What are hackathons advantages for developers?
After successful participation in hackathons, we received an opportunity to present our solution at the NATO Spring in Norway, the biggest NATO conference in 2023. It was held in the picturesque city of Lillehammer, where the Winter Olympic Games 1994 took place. There was a huge interest in using technologies during the war in the lobbies of the conference. Participants were hooked on different aspects, such as the work of information systems, how it helps citizens enhance situational awareness about the enemy, and how this data is used in real-life cases. Also, there was an interest in the cases of foreign systems usage, particularly, satellite images, and how those technologies alongside the bravery of the Armed Forces of Ukraine are impacting the course of the war.
This experience gave us a lot of valuable knowledge and important connections, among which are:
- The chance to get to know the developments of other countries in technology to increase the defense capability.
- Better understanding of approaches and standards of software development to create a common field for communication among allies' countries.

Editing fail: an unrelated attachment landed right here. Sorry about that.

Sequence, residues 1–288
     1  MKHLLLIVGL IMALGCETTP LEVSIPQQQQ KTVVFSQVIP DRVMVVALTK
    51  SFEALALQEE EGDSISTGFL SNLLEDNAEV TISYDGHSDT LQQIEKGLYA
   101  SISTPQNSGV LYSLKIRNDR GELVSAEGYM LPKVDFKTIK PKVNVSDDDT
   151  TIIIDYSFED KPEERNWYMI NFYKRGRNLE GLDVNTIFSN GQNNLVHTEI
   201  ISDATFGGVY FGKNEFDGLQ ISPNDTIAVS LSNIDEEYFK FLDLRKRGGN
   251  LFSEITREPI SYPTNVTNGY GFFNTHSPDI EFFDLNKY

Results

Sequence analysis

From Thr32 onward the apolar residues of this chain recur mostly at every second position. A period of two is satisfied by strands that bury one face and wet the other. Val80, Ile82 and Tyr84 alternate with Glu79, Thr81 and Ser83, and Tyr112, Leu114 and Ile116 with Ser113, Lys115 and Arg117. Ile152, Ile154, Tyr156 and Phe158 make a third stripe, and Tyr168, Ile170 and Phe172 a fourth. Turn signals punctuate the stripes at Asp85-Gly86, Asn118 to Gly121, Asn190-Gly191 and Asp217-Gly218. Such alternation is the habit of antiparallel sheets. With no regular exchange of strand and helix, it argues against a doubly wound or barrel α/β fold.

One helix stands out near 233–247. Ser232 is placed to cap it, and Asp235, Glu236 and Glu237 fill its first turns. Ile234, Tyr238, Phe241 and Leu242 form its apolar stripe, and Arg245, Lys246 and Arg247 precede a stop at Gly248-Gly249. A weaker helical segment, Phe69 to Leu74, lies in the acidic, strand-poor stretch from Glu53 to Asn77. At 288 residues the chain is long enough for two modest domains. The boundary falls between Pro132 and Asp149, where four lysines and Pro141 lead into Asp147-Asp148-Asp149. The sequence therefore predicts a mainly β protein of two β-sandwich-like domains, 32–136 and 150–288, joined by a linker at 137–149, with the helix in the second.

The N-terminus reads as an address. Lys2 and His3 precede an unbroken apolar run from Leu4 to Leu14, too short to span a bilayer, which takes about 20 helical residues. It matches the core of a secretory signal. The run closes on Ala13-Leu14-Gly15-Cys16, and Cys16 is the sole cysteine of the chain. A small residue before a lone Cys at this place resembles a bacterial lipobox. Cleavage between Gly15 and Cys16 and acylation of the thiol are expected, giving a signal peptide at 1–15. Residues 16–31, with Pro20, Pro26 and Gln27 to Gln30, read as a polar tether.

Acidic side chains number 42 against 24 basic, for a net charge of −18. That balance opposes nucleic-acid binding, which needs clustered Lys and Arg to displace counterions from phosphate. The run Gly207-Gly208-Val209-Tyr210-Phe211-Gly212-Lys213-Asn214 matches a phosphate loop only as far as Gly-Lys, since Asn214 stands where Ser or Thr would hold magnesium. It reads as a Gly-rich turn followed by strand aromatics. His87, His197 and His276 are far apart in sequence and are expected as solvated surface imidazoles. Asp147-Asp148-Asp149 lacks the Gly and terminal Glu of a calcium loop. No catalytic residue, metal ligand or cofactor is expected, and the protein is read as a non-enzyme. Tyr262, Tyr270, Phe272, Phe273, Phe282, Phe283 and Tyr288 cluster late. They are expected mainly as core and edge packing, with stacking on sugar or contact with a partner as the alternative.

- A fruitful dialogue with the Ukrainian military, that were participating in the conference as well, and establishing connections, that resulted in the acceleration of previously started processes related to confronting the enemy during the war.
- Strengthening the team of experts, who gathered to work side by side to enhance countries' defense.
Thanks to the successful participation in hackathons and the NATO conference, our team became more cohesive and got an impulse to develop our volunteer projects. That’s why, we recommend to other members of the commercial IT sector to participate in such events. This kind of activity empowers you to represent Ukraine with dignity on the international level, expand your expertise and experience, and establish collaboration with other countries’ representatives in technology and defense as well.